The OpenCL standard for general-purpose parallel programming allows a developer to target highly parallel computations towards graphics processing units (GPUs), CPUs, co-processing devices, and field programmable gate arrays (FPGAs). The computationally intense domains of linear algebra and image processing have shown significant speedups when implemented in the OpenCL environment. A major benefit of OpenCL is that a routine written for one device can be run across many different devices and architectures; however, a kernel optimized for one device may not exhibit high performance when executed on a different device. For this reason kernels must typically be hand-optimized for every target device family. Due to the large number of parameters that can affect performance, hand tuning for every possible device is impractical and often produces suboptimal results. For this work, we focused on optimizing the general matrix multiplication routine. General matrix multiplication is used as a building block for many linear algebra routines and often comprises a large portion of the run-time. Prior work has shown this routine to be a good candidate for high-performance implementation in OpenCL. We selected several candidate algorithms from the literature that are suitable for parameterization. We then developed parameterized kernels implementing these algorithms using only portable OpenCL features. Our implementation queries device information supplied by the OpenCL runtime and utilizes this as well as user input to generate a search space that satisfies device and algorithmic constraints. Preliminary results from our work confirm that optimizations are not portable from one device to the next, and show the benefits of automatic tuning. Using a standard set of tuning parameters seen in the literature for the NVIDIA Fermi architecture achieves a performance of 1.6 TFLOPS on an AMD 7970 device, while automatically tuning achieves a peak of 2.7 TFLOPS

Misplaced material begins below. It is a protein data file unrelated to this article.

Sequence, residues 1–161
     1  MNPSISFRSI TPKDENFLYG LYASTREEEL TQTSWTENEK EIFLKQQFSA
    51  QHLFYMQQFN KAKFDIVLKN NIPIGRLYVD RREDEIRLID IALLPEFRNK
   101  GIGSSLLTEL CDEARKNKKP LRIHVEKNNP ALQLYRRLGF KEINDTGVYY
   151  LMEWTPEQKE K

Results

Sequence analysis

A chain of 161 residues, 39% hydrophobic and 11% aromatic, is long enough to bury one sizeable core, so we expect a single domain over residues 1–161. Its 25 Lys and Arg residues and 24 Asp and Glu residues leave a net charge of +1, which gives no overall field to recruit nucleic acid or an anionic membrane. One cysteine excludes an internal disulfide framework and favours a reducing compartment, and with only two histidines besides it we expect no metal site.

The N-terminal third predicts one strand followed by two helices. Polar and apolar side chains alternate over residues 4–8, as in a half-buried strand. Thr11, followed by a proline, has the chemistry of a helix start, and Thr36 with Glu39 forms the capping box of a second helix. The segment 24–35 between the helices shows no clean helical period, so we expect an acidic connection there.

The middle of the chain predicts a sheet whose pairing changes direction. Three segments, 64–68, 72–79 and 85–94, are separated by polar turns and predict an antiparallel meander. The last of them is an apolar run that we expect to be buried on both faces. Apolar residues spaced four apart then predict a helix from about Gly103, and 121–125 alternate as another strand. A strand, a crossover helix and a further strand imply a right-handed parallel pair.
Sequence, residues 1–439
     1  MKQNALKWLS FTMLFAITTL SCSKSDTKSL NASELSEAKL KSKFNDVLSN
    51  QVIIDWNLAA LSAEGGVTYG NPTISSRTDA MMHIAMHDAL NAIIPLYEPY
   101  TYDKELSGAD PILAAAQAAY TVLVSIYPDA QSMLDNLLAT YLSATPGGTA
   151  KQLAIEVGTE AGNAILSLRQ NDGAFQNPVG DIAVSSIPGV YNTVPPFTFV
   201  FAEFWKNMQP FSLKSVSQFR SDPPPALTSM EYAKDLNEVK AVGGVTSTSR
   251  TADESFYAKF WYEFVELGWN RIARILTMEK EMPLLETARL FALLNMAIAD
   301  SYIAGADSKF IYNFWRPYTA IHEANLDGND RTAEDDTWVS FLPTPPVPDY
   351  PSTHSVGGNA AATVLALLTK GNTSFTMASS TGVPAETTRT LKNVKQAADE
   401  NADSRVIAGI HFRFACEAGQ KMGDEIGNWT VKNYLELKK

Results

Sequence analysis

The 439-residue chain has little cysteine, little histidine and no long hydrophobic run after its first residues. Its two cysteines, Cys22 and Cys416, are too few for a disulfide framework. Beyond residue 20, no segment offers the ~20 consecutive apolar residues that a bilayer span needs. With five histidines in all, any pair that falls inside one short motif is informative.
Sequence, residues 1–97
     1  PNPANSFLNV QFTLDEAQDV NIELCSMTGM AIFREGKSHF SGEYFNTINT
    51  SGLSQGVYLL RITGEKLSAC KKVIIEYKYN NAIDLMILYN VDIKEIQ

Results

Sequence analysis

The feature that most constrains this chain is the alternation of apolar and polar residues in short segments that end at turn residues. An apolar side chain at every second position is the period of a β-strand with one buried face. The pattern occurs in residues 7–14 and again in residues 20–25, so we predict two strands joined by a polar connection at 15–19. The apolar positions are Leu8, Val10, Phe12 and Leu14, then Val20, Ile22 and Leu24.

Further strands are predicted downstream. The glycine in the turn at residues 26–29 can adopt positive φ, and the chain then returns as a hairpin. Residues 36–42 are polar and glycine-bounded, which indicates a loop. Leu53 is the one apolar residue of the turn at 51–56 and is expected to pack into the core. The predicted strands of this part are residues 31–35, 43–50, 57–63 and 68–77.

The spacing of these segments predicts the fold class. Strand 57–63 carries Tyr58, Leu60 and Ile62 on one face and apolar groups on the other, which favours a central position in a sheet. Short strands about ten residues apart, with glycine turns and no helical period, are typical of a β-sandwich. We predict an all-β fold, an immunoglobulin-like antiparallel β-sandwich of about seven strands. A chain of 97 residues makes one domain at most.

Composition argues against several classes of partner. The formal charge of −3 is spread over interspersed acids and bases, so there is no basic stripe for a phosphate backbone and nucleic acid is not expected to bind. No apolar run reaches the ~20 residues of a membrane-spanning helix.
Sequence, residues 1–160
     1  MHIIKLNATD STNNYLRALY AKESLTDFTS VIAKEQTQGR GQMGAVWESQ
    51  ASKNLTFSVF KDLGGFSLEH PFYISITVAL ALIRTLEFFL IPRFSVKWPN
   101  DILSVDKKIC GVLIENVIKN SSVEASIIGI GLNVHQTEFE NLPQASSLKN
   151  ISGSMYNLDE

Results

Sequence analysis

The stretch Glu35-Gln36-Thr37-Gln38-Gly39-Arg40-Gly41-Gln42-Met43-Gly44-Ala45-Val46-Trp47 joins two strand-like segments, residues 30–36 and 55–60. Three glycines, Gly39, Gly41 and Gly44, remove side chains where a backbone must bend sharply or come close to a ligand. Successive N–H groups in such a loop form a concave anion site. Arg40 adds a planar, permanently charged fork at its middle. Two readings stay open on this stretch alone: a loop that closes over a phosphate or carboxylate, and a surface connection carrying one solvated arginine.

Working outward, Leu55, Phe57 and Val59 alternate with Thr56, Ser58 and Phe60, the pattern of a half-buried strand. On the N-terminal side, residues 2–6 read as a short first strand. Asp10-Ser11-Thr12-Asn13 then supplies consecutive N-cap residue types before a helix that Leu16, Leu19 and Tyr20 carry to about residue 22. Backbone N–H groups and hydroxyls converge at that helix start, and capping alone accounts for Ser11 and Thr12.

The OpenCL API allows for the abstract expression of parallel, heterogeneous computing, but hardware implementations
have substantial implementation differences. The abstractions provided by the OpenCL API are
often insufficiently high-level to conceal differences in hardware architecture. Additionally, implementations
often do not take advantage of potential performance gains from certain features due to hardware limitations
and other factors. These factors make it challenging to produce code that is portable in practice, resulting in
much OpenCL code being duplicated for each hardware platform being targeted. This duplication of effort
offsets the principal advantage of OpenCL: portability.
The use of certain coding practices can mitigate this problem, allowing a common code base to be adapted
to perform well across a wide range of hardware platforms. To this end, we explore some general practices
for producing performant code that are effective across platforms. Additionally, we explore some ways of
modularizing code to enable optional optimizations that take advantage of hardware-specific characteristics.
The minimum requirement for portability implies avoiding the use of OpenCL features that are optional,
not widely implemented, poorly implemented, or missing in major implementations. Exposing multiple levels of
parallelism allows hardware to take advantage of the types of parallelism it supports, from the task level down
to explicit vector operations. Static optimizations and branch elimination in device code help the platform
compiler to effectively optimize programs. Modularization of some code is important to allow operations to
be chosen for performance on target hardware. Optional subroutines exploiting explicit memory locality allow
for different memory hierarchies to be exploited for maximum performance. The C preprocessor and JIT
compilation using the OpenCL runtime can be used to enable some of these techniques, as well as to factor in
hardware-specific optimizations as necessary.